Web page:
• Trustworthy and committed to carrying out your wishes
  • An active listener
  • Emotionally and mentally strong
  • Good at conflict resolution
  • Organized
Even if you know who you want already, take the time to look for red flags such as personal financial issues, emotional instability, addiction or health problems. You also want to make sure the person you choose will be readily available when you need him or her. Setting up safeguards Once you have the right person, you still cannot guarantee that no one will challenge him or her. No matter how well you know and trust your agent, you also cannot guarantee that he or she will act in the way you want. Consider choosing a third party to provide oversight, such as an accountant to go over the financials and make sure everything is aboveboard. A person with no ties to your estate who goes over the books occasionally may prevent loss due to mistakes as well as the potential for fraud. You may also want to require that any major transactions include the signature of a trusted third party.]]>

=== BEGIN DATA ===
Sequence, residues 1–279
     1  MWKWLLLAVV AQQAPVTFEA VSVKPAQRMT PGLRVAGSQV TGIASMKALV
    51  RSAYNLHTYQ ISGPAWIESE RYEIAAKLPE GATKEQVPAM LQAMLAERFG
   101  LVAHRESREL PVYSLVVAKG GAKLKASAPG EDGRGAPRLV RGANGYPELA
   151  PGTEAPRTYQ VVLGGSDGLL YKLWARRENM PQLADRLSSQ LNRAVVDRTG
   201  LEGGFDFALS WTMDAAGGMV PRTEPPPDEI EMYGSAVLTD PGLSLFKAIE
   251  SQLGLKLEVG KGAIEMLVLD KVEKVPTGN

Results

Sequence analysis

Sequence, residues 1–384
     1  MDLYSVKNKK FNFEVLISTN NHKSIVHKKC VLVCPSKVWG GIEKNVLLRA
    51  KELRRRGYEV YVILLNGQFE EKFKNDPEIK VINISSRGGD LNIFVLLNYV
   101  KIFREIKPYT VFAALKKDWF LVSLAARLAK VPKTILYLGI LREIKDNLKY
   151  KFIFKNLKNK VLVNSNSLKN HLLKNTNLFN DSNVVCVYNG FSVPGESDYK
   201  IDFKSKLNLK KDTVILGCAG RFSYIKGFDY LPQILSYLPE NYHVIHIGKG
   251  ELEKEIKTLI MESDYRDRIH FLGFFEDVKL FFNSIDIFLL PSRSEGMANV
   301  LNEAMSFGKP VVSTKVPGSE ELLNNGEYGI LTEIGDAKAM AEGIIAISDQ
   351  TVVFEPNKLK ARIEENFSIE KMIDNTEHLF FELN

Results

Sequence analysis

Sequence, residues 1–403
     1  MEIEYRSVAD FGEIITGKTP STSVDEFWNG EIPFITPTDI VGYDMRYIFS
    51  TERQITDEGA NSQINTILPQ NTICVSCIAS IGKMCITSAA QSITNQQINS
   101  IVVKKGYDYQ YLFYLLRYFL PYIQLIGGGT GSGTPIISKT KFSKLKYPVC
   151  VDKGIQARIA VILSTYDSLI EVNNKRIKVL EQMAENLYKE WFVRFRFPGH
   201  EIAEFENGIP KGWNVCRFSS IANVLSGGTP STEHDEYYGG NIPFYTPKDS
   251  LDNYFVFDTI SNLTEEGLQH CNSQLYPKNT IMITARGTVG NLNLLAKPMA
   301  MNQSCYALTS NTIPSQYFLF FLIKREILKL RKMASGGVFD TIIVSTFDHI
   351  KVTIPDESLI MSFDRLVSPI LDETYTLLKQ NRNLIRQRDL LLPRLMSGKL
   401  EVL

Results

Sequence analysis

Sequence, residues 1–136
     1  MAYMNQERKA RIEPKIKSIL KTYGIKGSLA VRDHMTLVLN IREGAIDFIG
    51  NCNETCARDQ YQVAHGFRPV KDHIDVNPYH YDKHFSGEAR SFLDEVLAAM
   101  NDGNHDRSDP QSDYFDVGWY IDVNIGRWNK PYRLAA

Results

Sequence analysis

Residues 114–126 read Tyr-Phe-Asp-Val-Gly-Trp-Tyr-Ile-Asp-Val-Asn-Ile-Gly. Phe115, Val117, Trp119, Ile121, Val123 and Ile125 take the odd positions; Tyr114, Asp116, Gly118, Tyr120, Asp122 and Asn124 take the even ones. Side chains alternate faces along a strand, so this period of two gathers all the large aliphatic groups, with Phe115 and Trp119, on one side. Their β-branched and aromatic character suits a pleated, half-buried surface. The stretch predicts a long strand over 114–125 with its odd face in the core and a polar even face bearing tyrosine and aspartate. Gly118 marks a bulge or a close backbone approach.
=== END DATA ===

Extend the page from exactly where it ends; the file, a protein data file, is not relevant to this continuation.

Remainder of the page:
On behalf of Pedder, Hesseltine, Walker & Toth, LLP <![CDATA[Inheritance, fairness and children]]> /?p=47321 2020-01-28T00:13:00Z 2020-01-28T00:12:59Z distributing your assets among loved ones.]]> On behalf of Pedder, Hesseltine, Walker & Toth, LLP <![CDATA[Naming an estate executor]]> /?p=47316 2020-01-06T21:34:00Z 2020-01-06T21:33:58Z Choosing a family member as executor An executor does not have to be someone familiar with estate law. Many people name family and next of kin as executor. According to FindLaw, it is critical to select someone responsible, honest and organized to be the estate’s administrator. If an appointed administrator is unsure about how to proceed, he or she can seek help from an estate lawyer. Selecting a family member to serve as executor may have unintended consequences. Close relatives who were not chosen may feel slighted or passed over by the decedent, which could lead to disagreements between beneficiaries and possibly a will contest. Estates with no appointed executor In some cases, the decedent may pass away before creating a will or appointing an executor. According to the Judicial Council of California, state probate law provides a list specifying the order of priority when assigning administrative duties to a relative. In most cases, the law assigns estate administration to the decedent’s spouse or domestic partner. If the spouse or partner dies at the same time or declines the appointment, one of the decedent’s children becomes the administrator.]]> On behalf of Pedder, Hesseltine, Walker & Toth, LLP <![CDATA[Suspecting an executor’s misuse of power]]> /?p=47313 2020-01-04T04:28:51Z 2020-01-04T04:28:48Z The role of the executor is to carry out the wishes of the deceased. The designated person must ensure that she or he fulfills the will's specifications and that all rightful parties receive the property and possessions that the deceased willed to them.  If a person abuses the power of the role, it may have significant repercussions for the beneficiaries. Gaining a better understanding of the executor’s role is important for ensuring the person handles the position properly.  Duties of the position  An executor should handle the finances of a person’s estate, and this requires completing many tasks. Protecting estate assets, paying debts and taxes, filing for probate, liquidating assets and distributing property are all an executor’s responsibilities.  Another important task is contacting all necessary parties; this includes reaching out to all beneficiaries and informing creditors of the person’s death. The executor may also need to use estate funds to pay for funeral and burial expenses.  Compensation offered for this role  Executors may receive reasonable compensation for their work, although they may choose to waive this fee. In California, for performing these duties, an executor may receive 4% on the first $100,000 and 3% on the second $100,000 of the estate’s value.  Signs of abuse of the role  If executors do not complete their tasks in a timely manner or delay the administration process for any reason, it may be cause for concern. In addition, the executor should prepare an inventory of property that includes market values and provide this list to all beneficiaries who request it. If the executor is reluctant to share these details and it is difficult to understand the current finances of the estate, it may be a sign of a misuse of power.  Steps following misuse of power   The court may need to step in if one suspects misuse of power, and a petition for removal may be the following action. In these cases, beneficiaries have the right to pursue a claim with the probate court. Seeking legal counsel may be useful in these situations to determine what the correct next course of action is for a given case. ]]> On behalf of Pedder, Hesseltine, Walker & Toth, LLP <![CDATA[How executors can better communicate to beneficiaries]]> /?p=47310 2019-12-23T23:04:37Z 2019-12-23T23:04:35Z Communicating with beneficiaries is a task many estate executors must handle. Intended beneficiaries to an estate will want to know that the executor is handling their inheritance in a competent and honest fashion. But if a California executor does not properly communicate to beneficiaries, problems may erupt. Here is a look at possible communication pitfalls and why they must be avoided.  Forbes explains that an executor must never ignore beneficiaries. Heirs to an estate want the process of finalizing the estate to begin. They also want the executor to keep them apprised of the latest developments. Estate heirs are unlikely to tolerate an executor who stonewalls them, and might initiate court action to have an uncommunicative executor removed.  Secondly, executors should be careful what they say to beneficiaries. Beneficiaries who have lost a loved one are likely to be grief stricken and anxious about the future. According to Think Advisor, some executors overpromise to ease their grief. They might say they can disperse the assets to them soon, but it may actually take a while to process the estate. Some estates have tax issues that need to be settled before beneficiaries can receive anything.  Executors should also carefully document their activities, particularly if the estate is large and complicated. As part of their duties, some executors must invest estate money. However, a beneficiary might have problems with an investment decision. An executor should have paperwork ready to show the beneficiary why the investing decision was proper and authorized.  Sometimes an executor needs to ask for help. Handling an estate alone can be a burdensome task, and some people lack the expertise to do so. This is why executors hire professionals like an accountant, a realtor, a financial advisor, or an attorney. An executor can draw on the help of professionals when communicating with beneficiaries to ensure the proper information is conveyed to them. ]]> On behalf of Pedder, Hesseltine, Walker & Toth, LLP <![CDATA[Marriage loophole closed in probate code amendment]]> /?p=47307 2019-12-14T20:19:23Z 2019-12-14T20:19:21Z A dependent adult in California must often rely on a caregiver to supply basic needs. While some people move into a nursing home, others are able to remain at home with a care custodian.  The Record-Bee reports that California Probate Code has protections in place to prevent undue influence on the part of care custodians, and as of late June of 2019, that protection has become stronger.  The loophole  Before the amendment was signed into law, undue influence was a presumption if a dependent adult made a gift to a care custodian either while living or in an estate plan unless the care custodian could show through clear and convincing evidence that it was not undue influence.  However, there was an exemption to that presumption before the amendment: A care custodian who is a spouse, domestic partner or cohabitant of the dependent adult was able to receive gifts and to be a death beneficiary of the dependent adult's will, trust, life insurance policy or retirement accounts. Not only that, the care custodian spouse could still receive a presumptive intestate share when the dependent adult died even if the deceased had not provided a gift or changed the estate plan.  The amendment  Now, the law states that undue influence is presumed even if the care custodian marries the dependent adult, as long as the gift or change to the will or other estate plan document occurs within six months of the marriage. Also, if the dependent adult dies within six months of the marriage, the care custodian spouse does not qualify to receive the intestate share. ]]>